Yet the main subject of worry may not lie in the rather usual economic and political competition between the United States and Europe. The dispute about the legality of extraterritorial sanctions has been going on for decades without affecting the quality of EU-U.S. cooperation too much. However, in this specific case, the situation has the potential to substantially undermine transatlantic cohesion at a time when the West as a whole is faced with important security challenges.
The law emerges in a context where U.S.-EU mutual confidence has already been shaken since the election of President Trump. Months of hard rhetoric about the European Union have yet to be erased by a more constructive and mutually beneficial approach. The adamant—if legitimate—call on NATO members to meet the 2 percent of gross domestic product (GDP) defense pledge made in 2014 was barely balanced by President Trump’s renewed commitment to NATO’s Article 5. Although the enactment of H.R. 3364 is a separate issue entirely, its passage might be taken in Europe as an additional signal that coordination with the United States on critical issues is becoming increasingly hard.
This unilateral U.S. step also risks complicating old divisions between EU members, evoking the memory of the Iraq War debates. The controversial Nord Stream 2 project is subject to a intense debate between those member states who claim economic interests are at stake and those, like Poland, who see it as a Russian gambit to make Europe more dependent on Moscow’s energy assets and punish Ukraine. There is no doubt that the law will increase tensions between national authorities and the European Commission as representative of the collective interest. Because the law was passed just after the European Commission announced it will open an Article 7 procedure against Warsaw, following claims that it is violating the European Union’s values, the Nord Stream issue could be escalated into an example of a lack of solidarity in the European Union. Unsurprisingly, Warsaw applauded the announcement of the bill, while German officials reiterated their strong and stiff opposition to it amidst Germany’s electoral campaign.
For months, Europeans had been watching this Russian interference issue pervade the entire U.S. political debate with increasing concern, even complicating the normal operation of U.S. institutions. It now seems that Europe cannot avoid being affected by this poisonous debate and that the new law risks contaminating the transatlantic link itself. Paradoxically, the blow has come from the U.S. Congress rather than from the president, who on other issues often appeared disdainful of European views such as the Paris climate change agreement. Those in Congress who had argued that the current administration’s foreign policy might damage the transatlantic relationship have finally reached almost unanimous consensus on a law that could inadvertently undermine it further. However, the latest amendments introduce some flexibility to the law, signaling Congress is willing to mitigate the consequences it will have on the European countries themselves. Ironically, European hopes to insulate the relationship from the effects of this law will depend now on President Trump and whether he chooses to refrain from using the many discretionary authorities this law gives him.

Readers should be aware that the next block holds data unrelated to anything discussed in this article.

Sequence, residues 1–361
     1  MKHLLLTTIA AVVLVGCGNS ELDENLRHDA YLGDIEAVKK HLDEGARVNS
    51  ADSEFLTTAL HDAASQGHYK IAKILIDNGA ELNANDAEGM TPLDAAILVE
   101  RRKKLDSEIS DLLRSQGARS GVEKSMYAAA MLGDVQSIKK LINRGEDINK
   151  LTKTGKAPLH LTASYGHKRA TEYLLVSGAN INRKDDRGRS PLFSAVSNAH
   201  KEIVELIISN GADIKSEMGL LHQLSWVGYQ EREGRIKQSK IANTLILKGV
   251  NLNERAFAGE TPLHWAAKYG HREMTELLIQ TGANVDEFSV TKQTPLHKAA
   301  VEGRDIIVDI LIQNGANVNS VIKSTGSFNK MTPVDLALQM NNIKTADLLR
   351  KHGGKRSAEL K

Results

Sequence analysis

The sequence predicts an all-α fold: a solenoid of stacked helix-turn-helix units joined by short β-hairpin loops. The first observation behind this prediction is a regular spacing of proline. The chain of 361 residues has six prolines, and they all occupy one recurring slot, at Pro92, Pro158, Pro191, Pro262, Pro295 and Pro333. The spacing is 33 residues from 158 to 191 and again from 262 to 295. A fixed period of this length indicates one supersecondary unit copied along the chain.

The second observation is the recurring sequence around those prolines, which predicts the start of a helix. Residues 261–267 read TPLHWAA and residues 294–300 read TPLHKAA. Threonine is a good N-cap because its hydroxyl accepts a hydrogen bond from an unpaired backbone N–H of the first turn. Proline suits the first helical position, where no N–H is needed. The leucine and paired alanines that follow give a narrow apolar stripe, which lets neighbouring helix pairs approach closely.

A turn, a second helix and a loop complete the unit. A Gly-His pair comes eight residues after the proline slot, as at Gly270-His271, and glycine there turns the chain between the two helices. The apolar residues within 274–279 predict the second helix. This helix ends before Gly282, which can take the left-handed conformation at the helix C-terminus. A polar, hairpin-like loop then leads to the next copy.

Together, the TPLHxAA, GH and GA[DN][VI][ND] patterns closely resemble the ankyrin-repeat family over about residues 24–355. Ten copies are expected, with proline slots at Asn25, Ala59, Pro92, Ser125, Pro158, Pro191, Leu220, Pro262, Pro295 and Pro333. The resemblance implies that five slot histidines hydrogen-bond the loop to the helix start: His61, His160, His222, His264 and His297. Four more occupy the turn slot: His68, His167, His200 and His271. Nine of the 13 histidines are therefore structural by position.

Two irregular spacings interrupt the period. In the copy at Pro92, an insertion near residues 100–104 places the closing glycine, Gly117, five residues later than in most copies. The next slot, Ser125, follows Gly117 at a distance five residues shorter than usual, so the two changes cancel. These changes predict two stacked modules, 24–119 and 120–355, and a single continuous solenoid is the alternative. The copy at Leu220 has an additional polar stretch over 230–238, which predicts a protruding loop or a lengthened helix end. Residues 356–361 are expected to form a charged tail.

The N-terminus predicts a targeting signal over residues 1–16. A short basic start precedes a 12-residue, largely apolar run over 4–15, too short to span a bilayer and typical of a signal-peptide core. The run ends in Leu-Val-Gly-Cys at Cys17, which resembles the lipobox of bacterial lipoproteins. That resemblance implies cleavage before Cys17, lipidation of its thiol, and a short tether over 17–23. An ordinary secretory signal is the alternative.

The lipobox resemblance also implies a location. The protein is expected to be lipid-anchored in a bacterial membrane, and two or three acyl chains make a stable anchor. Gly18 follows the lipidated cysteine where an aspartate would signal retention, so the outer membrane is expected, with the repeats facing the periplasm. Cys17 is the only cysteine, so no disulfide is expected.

In sum, this bill was adopted at an unfortunate moment for the transatlantic relationship, featuring more negative side effects than intended and sending the wrong diplomatic signal to European allies. The Congress has succeeded in expressing its concern that energy cooperation with Russia should not come at the expense of transatlantic security. Its formulation leaves the door open for an implementation that limits adverse effects on Europeans, especially if the president makes sure that companies are not sanctioned for commercial projects that were already decided. Now is the time for increased transatlantic coordination on this issue to see how the legislation can be applied without damaging the U.S.-EU relationship. For the executive, this could be achieved by making sure implementation focuses on the law’s primary goal—targeting entities and interests allegedly involved in the Russian interference efforts during the U.S. presidential election rather than business ties between the European Union and Russia. Preserving transatlantic cohesion and unity when dealing with Moscow continues to be in the utmost interest of both partners.
Boris Toucas is a visiting fellow with the Europe Program at the Center for Strategic and International Studies in Washington, D.C.
Commentary is produced by the Center for Strategic and International Studies (CSIS), a private, tax-exempt institution focusing on international public policy issues. Its research is nonpartisan and nonproprietary. CSIS does not take specific policy positions. Accordingly, all views, positions, and conclusions expressed in this publication should be understood to be solely those of the author(s).© 2017 by the Center for Strategic and International Studies. All rights reserved.